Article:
Pledge to do six simple things to save lives this Road Safety Week

News from Brake


Five people are killed every single day by something we already know how to cure. If people change their driving behaviour, we can prevent the 470 deaths and serious injuries that happen on our roads every week.

This is why Road Safety Week 2016, which is coordinated by Brake, the road safety charity, supported by Specsavers, will focus on the six elements of the Brake Pledge: Slow, Sober, Secure, Silent, Sharp and Sustainable.

The date for Road Safety Week will be 21-27 November and we will be asking everyone to show their commitment to saving lives and road safety by making and sharing Brake's Pledge online. Non-drivers can also take the Pledge to make sure the driver of any car in which they are a passenger sticks to the six Pledge points.

Brake believes that good road safety is made up of these core strands, and a safe driver will adopt each one as part of his or her daily driving routine. The consequences of not driving safely can be catastrophic.

Road safety is more than one part of what a driver does on the road; it is every action that can change the outcome of a journey and the future of individuals, communities and our planet.

Slow: Trying to make up time when running late could be the difference between a safe journey and one that ends in a fatality. Breaking the speed limit or travelling too fast for the conditions is recorded by police at crash scenes as a contributory factor in more than one in four (27%) fatal crashes in Great Britain [1].

Sober: That one drink a driver has before getting behind the wheel could affect their ability to make a split-second decision, a decision that might prevent them from killing either themselves or another road user. In 2013 one in 10 (11%) of drivers/motorcycle riders killed had alcohol present in their body even though they weren’t over the limit [2]. One in seven road deaths are at the hands of someone who got behind the wheel over the limit [3].

Secure: Despite their huge impact on road safety, seat belts are still seen as an inconvenience by a minority of drivers, yet using a three-point belt reduces the chance of dying in a crash by 50% [4]. 21% of car occupants killed in crashes were not wearing a seat belt [5].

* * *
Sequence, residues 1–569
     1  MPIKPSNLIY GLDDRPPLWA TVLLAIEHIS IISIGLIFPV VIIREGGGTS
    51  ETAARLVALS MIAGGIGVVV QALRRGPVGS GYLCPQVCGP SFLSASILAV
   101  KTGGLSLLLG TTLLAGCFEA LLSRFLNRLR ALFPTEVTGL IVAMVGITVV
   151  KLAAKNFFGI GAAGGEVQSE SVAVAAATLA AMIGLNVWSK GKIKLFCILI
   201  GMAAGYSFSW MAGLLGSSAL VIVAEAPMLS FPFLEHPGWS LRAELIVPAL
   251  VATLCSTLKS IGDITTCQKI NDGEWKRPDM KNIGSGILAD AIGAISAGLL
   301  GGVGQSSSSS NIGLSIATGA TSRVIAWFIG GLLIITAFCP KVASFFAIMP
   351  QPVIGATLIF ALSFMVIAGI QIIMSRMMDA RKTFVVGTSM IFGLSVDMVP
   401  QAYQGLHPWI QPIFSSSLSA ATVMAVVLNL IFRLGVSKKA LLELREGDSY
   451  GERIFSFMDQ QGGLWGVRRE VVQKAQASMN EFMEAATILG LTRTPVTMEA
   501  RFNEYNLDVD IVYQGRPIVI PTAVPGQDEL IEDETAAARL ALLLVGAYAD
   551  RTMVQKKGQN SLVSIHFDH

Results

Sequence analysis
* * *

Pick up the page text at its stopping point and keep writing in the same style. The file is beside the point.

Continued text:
Silent: That phone call a driver thinks simply cannot wait could cost them or another road user their life. Drivers who perform a complex secondary task at the wheel, like using a mobile, are three times more likely to crash than non-distracted drivers [6].

Sharp: Booking in for a regular eye test should be at the top of any driver’s to-do list, as a skipped test may cost someone their life. Road crashes caused by poor driver vision are estimated to cause 2,900 casualties and cost £33 million in the UK per year [7].

Sustainable: By minimising the amount we drive, or not driving at all, and walking, cycling or using public transport instead we are removing the potential for many crashes to happen in the first place and doing the best we can for the environment and our individual health. Air pollution is a major killer: there are an estimated 29,000 deaths from particulate matter pollution in the UK [8], 5,000 of which are attributable to road transport [9].

This year’s Road Safety Week theme partly builds on the successful 2015 theme, which saw us call on people to ‘drive less, live more’ as Brake focused on the ‘Sustainable’ element of road safety. The Road Safety Week 2015 Evaluation Report found that Road Safety Week reached more people than ever before, thanks to traditional media coverage throughout the Week and an improved social media presence overall.

Gary Rae, Director of Communications and Campaigns for Brake, said: “We’ve designed this year’s theme to be action orientated. Anyone can make and share the Pledge – individuals, businesses and community organisations. It’s practical, and if every driver vowed to slow down, never drink or take drugs when driving or use their mobiles, always wear a seat belt and make sure children are safely restrained, get their eyesight regularly tested, and minimise the amount they drive, then our roads would be safer places for everyone.” 


[1] Reported Road Casualties Great Britain 2014, Department for Transport, 2015, table RAS50001

[2] Statistical data set: Reported drinking and driving (RAS51), Department for Transport, 2014, table RAS51007

[3] Provisional estimate for 2014, from Reported road casualties Great Britain: Estimates for accidents involving illegal alcohol levels: 2014 (second provisional), Department for Transport, February 2016

[4] The impact of driver inattention on near-crash/crash risk, National Highway Traffic Safety Administration, 2006

[5] Oral evidence: Road traffic law enforcement, HC 518, Transport Select Committee, 7 December 2015

[6] The Impact of Driver Inattention On Near-Crash/Crash Risk: An Analysis Using the 100-Car Naturalistic Driving Study Data, US Department of Transportation, 2006

[7] Fit to Drive: a cost benefit analysis of more frequent eyesight testing for UK drivers, RSA Insurance Group plc, 2012

[8] Estimating Local Mortality Burdens associated with Particulate Air Pollution, Public Health England, 2014

[9] Steve H. L. Yim and Steven R. H. Barrett, “Public Health Impacts of Combustion Emissions in the United Kingdom”, Environmental Science & Technology 2012 46 (8), 4291-4296